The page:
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Prevention of Nosocomial Viral Hepatitis, Type B (Hepatitis B)

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▸ Requests for reprints should be addressed to John A. Bryan, M.D., Deputy Director, Viral Diseases Division, Bureau of Epidemiology, Center for Disease Control, Atlanta, GA 30333.

Ann Intern Med. 1975;83(6):838-845. doi:10.7326/0003-4819-83-6-838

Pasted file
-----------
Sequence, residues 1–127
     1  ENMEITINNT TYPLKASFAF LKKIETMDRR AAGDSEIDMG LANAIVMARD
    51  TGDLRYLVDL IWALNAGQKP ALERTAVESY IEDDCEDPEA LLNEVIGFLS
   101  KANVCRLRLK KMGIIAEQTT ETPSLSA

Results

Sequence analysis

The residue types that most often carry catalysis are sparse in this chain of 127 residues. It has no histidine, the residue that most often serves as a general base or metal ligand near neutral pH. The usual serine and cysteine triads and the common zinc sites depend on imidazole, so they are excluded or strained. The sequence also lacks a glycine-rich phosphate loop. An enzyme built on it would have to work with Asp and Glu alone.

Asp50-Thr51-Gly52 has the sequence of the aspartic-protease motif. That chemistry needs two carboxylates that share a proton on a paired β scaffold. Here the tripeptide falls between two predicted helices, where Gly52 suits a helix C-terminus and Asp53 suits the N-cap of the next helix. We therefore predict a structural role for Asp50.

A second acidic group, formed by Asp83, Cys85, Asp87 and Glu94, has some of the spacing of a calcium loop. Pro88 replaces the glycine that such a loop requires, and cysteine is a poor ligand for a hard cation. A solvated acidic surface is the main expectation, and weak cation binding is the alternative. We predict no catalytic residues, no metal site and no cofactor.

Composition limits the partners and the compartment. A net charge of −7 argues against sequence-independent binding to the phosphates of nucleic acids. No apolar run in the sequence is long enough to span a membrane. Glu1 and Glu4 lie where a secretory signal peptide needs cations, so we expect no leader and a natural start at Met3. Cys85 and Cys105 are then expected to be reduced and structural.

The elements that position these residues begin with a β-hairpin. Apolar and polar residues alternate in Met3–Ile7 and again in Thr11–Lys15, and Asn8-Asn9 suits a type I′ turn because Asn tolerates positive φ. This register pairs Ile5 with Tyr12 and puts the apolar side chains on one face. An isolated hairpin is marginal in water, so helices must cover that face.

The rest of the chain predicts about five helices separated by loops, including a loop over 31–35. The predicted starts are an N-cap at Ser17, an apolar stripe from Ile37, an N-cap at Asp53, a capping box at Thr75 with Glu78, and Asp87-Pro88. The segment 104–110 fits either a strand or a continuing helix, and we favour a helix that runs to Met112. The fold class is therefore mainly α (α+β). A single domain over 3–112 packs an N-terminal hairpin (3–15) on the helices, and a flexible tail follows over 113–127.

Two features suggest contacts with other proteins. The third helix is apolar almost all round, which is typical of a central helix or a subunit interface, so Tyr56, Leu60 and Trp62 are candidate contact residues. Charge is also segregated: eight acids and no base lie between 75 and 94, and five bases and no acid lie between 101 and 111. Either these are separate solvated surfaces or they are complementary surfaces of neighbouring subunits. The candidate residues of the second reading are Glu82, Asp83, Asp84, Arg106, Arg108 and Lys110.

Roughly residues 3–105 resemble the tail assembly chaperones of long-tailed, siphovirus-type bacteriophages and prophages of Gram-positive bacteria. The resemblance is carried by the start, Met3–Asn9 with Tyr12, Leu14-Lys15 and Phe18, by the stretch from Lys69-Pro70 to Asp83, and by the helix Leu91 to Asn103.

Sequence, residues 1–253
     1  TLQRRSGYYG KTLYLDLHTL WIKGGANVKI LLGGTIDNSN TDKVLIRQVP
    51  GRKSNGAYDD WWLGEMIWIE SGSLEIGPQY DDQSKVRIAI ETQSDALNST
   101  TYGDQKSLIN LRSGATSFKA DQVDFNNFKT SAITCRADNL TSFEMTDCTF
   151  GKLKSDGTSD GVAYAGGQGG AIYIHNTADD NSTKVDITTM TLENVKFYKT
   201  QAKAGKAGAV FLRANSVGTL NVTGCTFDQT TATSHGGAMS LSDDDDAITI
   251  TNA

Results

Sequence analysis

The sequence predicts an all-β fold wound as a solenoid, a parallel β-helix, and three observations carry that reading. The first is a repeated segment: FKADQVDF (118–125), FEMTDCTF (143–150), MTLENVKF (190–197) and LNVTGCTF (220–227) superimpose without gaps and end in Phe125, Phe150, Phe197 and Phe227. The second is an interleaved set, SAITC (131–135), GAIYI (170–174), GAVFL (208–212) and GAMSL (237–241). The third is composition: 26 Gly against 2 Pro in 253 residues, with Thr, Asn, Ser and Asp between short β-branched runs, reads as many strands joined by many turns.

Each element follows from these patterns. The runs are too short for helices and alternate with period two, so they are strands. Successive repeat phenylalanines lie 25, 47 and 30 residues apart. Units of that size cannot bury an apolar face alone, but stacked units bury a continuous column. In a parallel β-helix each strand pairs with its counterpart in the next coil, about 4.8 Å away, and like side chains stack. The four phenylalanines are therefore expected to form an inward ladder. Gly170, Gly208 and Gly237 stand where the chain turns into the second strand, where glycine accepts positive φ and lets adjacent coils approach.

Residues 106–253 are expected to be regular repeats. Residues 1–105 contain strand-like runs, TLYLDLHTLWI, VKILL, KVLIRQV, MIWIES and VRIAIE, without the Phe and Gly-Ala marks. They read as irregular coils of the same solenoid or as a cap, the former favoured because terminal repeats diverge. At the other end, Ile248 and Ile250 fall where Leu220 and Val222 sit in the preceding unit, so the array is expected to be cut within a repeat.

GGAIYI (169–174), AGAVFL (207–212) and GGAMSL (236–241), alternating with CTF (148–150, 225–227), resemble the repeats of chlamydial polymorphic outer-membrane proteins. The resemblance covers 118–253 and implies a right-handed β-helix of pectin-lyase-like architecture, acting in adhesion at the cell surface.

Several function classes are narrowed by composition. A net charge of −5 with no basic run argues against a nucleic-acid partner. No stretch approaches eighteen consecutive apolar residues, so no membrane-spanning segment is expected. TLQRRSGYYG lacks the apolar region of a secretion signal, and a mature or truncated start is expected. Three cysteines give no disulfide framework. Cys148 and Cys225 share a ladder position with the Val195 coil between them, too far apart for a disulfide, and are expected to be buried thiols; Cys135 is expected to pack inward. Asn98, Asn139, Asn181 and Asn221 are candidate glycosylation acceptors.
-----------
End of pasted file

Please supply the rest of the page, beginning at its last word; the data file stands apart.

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Nosocomial viral hepatitis, type B, is assuming increasing importance in the United States. The keystone to an effective hepatitis control program is surveillance of patients and personnel, especially in high-risk areas, namely dialysis units, hematology-oncology units, and laboratories. Measures to control infection are outlined for specific areas of the hospital. Data currently available suggest that employees who have persisting hepatitis B surface antigen (HBsAg) need not be removed from their positions unless they have been proved to disseminate infection. Future investigations should include methods to study: [a] the mechanisms of non percutaneous spread of hepatitis B virus, [b] the role of the individual with persisting HBsAg in the dissemination of hepatitis B virus, [c] the efficacy of hepatitis B immune globulin in high-risk areas, and [d] the effectiveness of various chemical and physical procedures in use for inactivation of hepatitis B virus using animal model systems.





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